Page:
It is worth acknowledging before digging into this that John Lasseter, the director of “Toy Story” and one of the key figures within the Pixar ranks for decades, has since become a controversial figure. After mounting accusations of inappropriate behavior behind the scenes during his years at Disney, Lasseter left the company and now has a gig at Skydance. That said, you can’t tell the story of this movie or Pixar’s success without Lasseter. It’s just the truth of the matter.
For years, Lasseter wanted to make a full, computer-animated movie and had even brought the idea to Disney long before “Toy Story” ever came to be. They rejected him, and so he took his business elsewhere. Namely: Pixar, which at that time had Apple dounder Steve Jobs as a majority stakeholder. However, when Lasseter’s short “Tin Toy” won the Oscar for Best Animated Short Film in 1989, that managed to get the attention of Disney execs. As the filmmaker explained in 2015, it was actually Tim Burton who managed to get the ball rolling in a roundabout way.
“Disney kept trying to hire me back after each of the short films I had made. I kept saying, ‘Let me make a film for you up here [at Pixar]’. It always said, ‘No, a Disney animated film will always be made at Disney.’ It had no interest in doing an outside project. What changed their mind was Tim Burton. Tim and I went to college together and he had developed a feature idea [while employed by Disney] called ‘The Nightmare Before Christmas.’ He went on to become a successful live-action director and was trying to buy ‘Nightmare’ back from Disney. And it said, ‘Why don’t you just make it for us?’ That opened the door for Disney to think of these ‘niche’ animated films that could be done.”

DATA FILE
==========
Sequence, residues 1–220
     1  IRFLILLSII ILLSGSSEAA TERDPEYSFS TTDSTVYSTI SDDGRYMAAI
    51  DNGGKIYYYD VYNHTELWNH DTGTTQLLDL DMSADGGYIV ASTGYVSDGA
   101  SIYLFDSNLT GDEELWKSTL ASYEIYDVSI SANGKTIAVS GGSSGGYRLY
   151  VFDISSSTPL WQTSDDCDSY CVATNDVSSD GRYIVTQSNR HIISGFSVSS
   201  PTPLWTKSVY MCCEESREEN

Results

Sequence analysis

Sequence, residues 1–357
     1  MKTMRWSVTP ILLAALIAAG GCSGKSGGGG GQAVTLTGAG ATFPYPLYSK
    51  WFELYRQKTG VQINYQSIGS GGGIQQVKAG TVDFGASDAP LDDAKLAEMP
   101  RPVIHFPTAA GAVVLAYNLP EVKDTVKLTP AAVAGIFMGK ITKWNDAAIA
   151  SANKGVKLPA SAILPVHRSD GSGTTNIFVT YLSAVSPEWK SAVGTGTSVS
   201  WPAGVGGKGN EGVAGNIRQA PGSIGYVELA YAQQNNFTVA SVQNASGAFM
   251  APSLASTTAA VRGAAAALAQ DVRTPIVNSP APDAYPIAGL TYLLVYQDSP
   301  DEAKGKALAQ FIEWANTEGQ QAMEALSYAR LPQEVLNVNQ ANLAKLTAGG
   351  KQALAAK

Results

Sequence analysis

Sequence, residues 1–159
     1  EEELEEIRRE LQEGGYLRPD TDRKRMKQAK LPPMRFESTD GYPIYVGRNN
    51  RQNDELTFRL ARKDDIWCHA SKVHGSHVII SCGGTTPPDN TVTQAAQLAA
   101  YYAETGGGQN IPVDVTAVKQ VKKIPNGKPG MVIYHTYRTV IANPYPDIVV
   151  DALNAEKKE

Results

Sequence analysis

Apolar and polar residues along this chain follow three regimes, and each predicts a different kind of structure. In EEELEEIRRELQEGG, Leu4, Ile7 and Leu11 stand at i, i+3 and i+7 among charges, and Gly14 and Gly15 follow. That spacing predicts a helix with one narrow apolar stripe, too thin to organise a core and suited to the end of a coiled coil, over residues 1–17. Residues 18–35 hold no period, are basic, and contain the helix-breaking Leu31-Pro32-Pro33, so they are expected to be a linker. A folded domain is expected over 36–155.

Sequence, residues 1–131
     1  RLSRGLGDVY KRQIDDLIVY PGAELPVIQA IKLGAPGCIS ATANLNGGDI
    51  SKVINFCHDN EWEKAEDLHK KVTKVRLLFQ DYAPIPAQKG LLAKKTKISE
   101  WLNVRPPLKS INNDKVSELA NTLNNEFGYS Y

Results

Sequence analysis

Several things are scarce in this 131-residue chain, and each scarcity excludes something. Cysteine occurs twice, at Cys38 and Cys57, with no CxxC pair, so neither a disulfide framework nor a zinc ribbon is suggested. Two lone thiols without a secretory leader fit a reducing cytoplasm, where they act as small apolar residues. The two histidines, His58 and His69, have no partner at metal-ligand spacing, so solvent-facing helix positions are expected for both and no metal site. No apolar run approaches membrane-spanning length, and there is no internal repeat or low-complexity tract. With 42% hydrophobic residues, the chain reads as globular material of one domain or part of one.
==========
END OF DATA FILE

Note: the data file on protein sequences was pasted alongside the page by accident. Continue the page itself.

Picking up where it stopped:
Indeed, up until that point, Disney was militant about doing things in-house. But they wanted Lasseter, and Burton’s “Nightmare Before Christmas” proved that partnering with outside companies could work. So it came to pass that Pixar would produce a feature-length, fully computer-animated film for Disney, becoming the first of its kind.